Lessons From The Japanese Art Of Kintsugi

Most people don’t purposefully shatter their cherished pieces of pottery, but that isn’t always the case in Japanese culture. Adorning broken ceramics with a lacquer mixed with powdered gold is part of a more than 500-year-old Japanese tradition that highlights imperfections rather than hiding them. This not only teaches calm when a cherished piece of pottery breaks; it is a reminder of the beauty of human fragility as well.

In a world that so often prizes youth, perfection and excess, embracing the old and battered may seem strange. But the 15th-Century practice of kintsugi, meaning “to join with gold”, is a reminder to stay optimistic when things fall apart and to celebrate the flaws and missteps of life.

The kintsugi technique is an extension of the Japanese philosophy of wabi-sabi which sees beauty in the incomplete and value in simplicity. The broken pieces’ gilded restoration usually takes up to three months, as the fragments are carefully glued together with the sap of an indigenous Japanese tree, left to dry for a few weeks and then adorned with gold running along its cracks.

In an age of mass production and quick disposal, learning to accept and celebrate scars and flaws is a powerful lesson in humanity and sustainability. – Yasmin El-Beih

Personal life planning, navigating our journey, is an exercise in mistake management more than the pursuit of perfection. Indeed, the best plans are those written in pencil, where numerous erasures are visible. They are novels that remain forever in draft form, in which the author continues to build on the narrative, charting out a series of compelling contingencies and Plan B’s.

But these divergences from Plan A, the unfinished story, the erasures and errors, all add to the texture of the plan more than they detract. The whole amounts to a patchwork of art with more character and visual appeal, not unlike the 500-year-old Japanese practice of kintsugi.

The translation of kintsugi is “golden joinery,” and it is an art form in which broken pottery is fused back together by precious metals, like gold, platinum, or silver. This technique isn’t a mere exercise in scarcity or frugality; it is a philosophy from which we can draw direction and inspiration for more effective—and more enjoyable—financial planning.

Here are four principles of kintsugi that can instruct our own life journey:

  1. That which is broken can be mended. There are fatal flaws in financial plans, but not in financial planning. The most common breakage in financial planning is often overspending. Yet overspending one month (year or decade)—or in one category—can be supplemented by another. The optimal mending agent is margin. Spending less than you earn is a good start, but an even better habit is funding the unexpected. In addition to backfilling overspending, simple savings can fuel spontaneity.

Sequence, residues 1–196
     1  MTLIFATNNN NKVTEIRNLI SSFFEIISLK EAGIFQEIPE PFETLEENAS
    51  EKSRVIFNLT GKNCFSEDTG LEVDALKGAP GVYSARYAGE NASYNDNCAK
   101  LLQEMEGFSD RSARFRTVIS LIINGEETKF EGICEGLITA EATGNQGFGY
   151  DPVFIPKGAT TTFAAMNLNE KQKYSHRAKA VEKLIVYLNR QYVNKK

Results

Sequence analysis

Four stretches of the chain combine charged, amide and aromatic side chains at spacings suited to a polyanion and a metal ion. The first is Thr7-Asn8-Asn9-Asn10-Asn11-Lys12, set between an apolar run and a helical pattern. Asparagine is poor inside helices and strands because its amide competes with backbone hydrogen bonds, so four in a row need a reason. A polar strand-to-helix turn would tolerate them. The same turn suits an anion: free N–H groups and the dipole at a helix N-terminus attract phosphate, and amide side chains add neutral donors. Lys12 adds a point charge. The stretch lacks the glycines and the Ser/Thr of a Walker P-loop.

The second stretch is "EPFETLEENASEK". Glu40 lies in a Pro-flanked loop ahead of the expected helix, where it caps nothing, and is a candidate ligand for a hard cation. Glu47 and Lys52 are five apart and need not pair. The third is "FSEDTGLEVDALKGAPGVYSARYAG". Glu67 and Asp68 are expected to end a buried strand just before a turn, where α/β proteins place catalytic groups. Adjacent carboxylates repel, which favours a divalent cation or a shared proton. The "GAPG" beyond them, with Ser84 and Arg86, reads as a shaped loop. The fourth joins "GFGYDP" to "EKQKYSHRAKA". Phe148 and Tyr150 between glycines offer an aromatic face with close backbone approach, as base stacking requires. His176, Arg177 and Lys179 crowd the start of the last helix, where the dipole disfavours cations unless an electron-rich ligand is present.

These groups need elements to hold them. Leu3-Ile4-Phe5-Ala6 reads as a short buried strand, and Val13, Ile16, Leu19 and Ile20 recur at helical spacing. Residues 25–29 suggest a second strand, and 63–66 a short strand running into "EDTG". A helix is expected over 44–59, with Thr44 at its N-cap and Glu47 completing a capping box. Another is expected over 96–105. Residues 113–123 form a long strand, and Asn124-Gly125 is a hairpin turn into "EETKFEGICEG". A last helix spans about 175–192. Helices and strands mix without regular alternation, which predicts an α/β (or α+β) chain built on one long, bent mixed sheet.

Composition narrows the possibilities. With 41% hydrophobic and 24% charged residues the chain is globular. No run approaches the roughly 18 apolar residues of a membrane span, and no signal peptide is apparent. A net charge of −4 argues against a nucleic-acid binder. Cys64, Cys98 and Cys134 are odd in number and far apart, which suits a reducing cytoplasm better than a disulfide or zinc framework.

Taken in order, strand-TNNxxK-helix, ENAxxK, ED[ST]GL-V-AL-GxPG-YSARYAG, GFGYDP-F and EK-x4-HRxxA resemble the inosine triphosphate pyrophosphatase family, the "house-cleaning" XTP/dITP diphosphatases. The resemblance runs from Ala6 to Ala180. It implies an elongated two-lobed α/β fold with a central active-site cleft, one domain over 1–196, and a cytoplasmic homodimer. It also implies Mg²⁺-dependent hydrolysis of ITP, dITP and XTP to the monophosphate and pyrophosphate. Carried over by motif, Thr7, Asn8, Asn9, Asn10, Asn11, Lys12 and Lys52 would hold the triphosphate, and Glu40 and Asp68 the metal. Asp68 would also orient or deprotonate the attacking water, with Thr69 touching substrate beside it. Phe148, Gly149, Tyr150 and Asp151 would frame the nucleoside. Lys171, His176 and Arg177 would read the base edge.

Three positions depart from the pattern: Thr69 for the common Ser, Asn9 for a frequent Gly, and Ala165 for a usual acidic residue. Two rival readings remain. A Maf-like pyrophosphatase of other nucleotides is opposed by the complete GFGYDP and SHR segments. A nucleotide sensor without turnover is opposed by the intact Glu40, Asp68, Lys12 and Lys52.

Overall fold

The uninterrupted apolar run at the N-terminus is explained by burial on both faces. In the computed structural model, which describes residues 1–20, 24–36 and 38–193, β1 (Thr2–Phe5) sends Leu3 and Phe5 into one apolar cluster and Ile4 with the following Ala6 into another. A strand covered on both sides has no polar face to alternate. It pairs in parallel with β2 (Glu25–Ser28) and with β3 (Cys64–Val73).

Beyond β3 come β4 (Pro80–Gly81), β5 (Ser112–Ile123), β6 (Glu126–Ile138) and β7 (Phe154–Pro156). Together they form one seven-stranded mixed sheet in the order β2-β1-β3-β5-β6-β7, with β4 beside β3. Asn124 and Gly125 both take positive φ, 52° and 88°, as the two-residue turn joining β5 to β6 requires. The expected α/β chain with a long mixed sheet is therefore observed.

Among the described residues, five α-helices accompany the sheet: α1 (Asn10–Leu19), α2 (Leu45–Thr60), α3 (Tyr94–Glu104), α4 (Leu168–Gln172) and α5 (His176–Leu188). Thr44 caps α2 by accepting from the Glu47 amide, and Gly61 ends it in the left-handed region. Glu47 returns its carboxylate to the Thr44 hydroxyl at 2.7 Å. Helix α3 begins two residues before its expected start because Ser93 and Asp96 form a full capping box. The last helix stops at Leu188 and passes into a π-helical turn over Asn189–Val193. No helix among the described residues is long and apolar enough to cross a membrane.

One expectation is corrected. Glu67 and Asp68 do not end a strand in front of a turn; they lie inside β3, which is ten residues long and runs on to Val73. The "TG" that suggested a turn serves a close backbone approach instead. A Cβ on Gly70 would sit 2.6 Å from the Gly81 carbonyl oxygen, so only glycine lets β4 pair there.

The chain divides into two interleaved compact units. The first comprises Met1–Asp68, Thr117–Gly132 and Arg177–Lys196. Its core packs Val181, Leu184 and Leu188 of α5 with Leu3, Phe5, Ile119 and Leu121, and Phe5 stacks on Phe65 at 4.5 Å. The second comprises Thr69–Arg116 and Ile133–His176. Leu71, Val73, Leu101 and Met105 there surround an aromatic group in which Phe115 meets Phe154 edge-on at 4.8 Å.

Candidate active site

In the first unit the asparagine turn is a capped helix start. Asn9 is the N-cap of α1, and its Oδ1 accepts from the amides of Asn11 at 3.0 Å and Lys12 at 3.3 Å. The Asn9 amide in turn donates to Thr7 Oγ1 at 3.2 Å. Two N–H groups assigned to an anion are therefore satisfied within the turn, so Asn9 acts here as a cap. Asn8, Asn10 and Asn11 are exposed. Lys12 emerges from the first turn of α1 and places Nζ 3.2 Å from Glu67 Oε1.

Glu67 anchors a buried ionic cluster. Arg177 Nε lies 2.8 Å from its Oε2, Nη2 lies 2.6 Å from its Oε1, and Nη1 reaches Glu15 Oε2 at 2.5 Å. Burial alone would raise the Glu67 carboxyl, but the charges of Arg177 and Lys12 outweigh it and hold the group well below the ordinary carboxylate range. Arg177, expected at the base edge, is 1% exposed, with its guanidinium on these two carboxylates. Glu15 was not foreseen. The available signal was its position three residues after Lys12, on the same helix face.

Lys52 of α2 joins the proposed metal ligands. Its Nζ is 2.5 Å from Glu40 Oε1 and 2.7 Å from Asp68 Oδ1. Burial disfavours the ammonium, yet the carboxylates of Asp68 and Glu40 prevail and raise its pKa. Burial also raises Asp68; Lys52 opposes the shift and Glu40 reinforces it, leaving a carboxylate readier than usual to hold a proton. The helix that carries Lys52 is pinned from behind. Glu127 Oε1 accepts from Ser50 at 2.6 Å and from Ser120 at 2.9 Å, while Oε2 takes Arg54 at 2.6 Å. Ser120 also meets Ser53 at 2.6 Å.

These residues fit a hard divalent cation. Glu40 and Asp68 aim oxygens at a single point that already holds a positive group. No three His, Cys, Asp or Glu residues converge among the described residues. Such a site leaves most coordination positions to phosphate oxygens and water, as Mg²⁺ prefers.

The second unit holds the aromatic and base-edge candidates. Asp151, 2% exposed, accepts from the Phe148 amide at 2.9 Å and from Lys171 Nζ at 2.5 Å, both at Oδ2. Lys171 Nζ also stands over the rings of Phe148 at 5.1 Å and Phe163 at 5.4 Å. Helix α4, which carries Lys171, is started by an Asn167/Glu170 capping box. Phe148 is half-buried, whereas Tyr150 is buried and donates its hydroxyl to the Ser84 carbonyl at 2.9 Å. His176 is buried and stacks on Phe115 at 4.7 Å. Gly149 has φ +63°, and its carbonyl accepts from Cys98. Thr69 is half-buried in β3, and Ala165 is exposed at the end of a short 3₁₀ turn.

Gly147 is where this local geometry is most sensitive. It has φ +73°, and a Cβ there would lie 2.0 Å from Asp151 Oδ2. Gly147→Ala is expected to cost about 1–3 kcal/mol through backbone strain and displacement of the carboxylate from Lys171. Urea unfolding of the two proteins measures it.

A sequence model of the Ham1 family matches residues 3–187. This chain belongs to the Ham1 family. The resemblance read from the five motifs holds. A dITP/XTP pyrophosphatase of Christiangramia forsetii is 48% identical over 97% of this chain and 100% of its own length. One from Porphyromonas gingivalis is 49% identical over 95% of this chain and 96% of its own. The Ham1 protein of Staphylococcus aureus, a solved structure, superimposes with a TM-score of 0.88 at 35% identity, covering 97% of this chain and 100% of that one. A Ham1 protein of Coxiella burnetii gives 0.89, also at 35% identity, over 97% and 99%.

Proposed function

2. Flaws can be features. The loss of a job sparks an even more rewarding career. An investment gamble gone wrong inspires a more disciplined approach. Being forced to move to a lower cost-of-living area introduces you to a new community. Bankruptcy fuels a passion for financial fluency.
  3. There is “ beauty in the incomplete.” Kintsugi draws from the Japanese philosophy of wabi-sabi—“wabi”, which roughly means ‘the elegant beauty of humble simplicity, and “sabi”, which means ‘the passing of time and subsequent deterioration.’” And our life planning never reaches a point of completion. Some mistake retirement for the financial finish line, but those who are fortunate to reach that milestone inevitably realize it is more a moment of commencement than finality. (And thank goodness!) Many, if not most, will see a depreciation in their assets in their final days, as a lifetime of appreciation is spent in lieu of earned income. And even beyond our time on this earth, the best financial planning impacts future generations through purposeful estate planning and philanthropy.
  4. Lastly, it must be acknowledged that the process takes time. “The broken pieces’ gilded restoration usually takes up to three months, as the fragments are carefully glued together with the sap of an indigenous Japanese tree, left to dry for a few weeks and then adorned with gold running along its cracks.” The one theme that is likely common among the host of intentions activated in your life planning is that they will take time to materialize. Thankfully, we’ve learned that a great deal of the enjoyment we derive from the benchmark moments in our lives is owed to their anticipation.

It is important to note, though, that neither kintsugi nor good life, spiritual, relationship and career or financial planning is formless. There is a mold that is created, an intention that is articulated, an objective toward which we strive. Without intentions, there is no plan and we end up wherever circumstances dictate. Without objectives, we are merely the means in someone else’s planning.

Personal and life planning, like kintsugi, doesn’t encourage aimlessness or glorify failure. Instead, it frees us from the momentary paralysis of missteps, invites us to learn from our mistakes, teaches us how to put the pieces back together, and then allows us to enjoy our ever-improving creation, bonded and adorned by our lessons learned.

Where have we each been broken? How has the patient mending taken place and restored a new sort of wholeness? Can we recognize and honor the beauty of  such golden mending in ourselves and in others?